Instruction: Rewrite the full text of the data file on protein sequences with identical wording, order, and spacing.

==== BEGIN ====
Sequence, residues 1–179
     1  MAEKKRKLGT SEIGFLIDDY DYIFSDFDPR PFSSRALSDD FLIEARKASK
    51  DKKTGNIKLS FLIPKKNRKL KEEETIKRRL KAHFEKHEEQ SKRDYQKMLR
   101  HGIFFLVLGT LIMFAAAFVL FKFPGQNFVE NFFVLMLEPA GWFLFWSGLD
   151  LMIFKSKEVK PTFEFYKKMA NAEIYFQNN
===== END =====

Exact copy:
Sequence, residues 1–179
     1  MAEKKRKLGT SEIGFLIDDY DYIFSDFDPR PFSSRALSDD FLIEARKASK
    51  DKKTGNIKLS FLIPKKNRKL KEEETIKRRL KAHFEKHEEQ SKRDYQKMLR
   101  HGIFFLVLGT LIMFAAAFVL FKFPGQNFVE NFFVLMLEPA GWFLFWSGLD
   151  LMIFKSKEVK PTFEFYKKMA NAEIYFQNN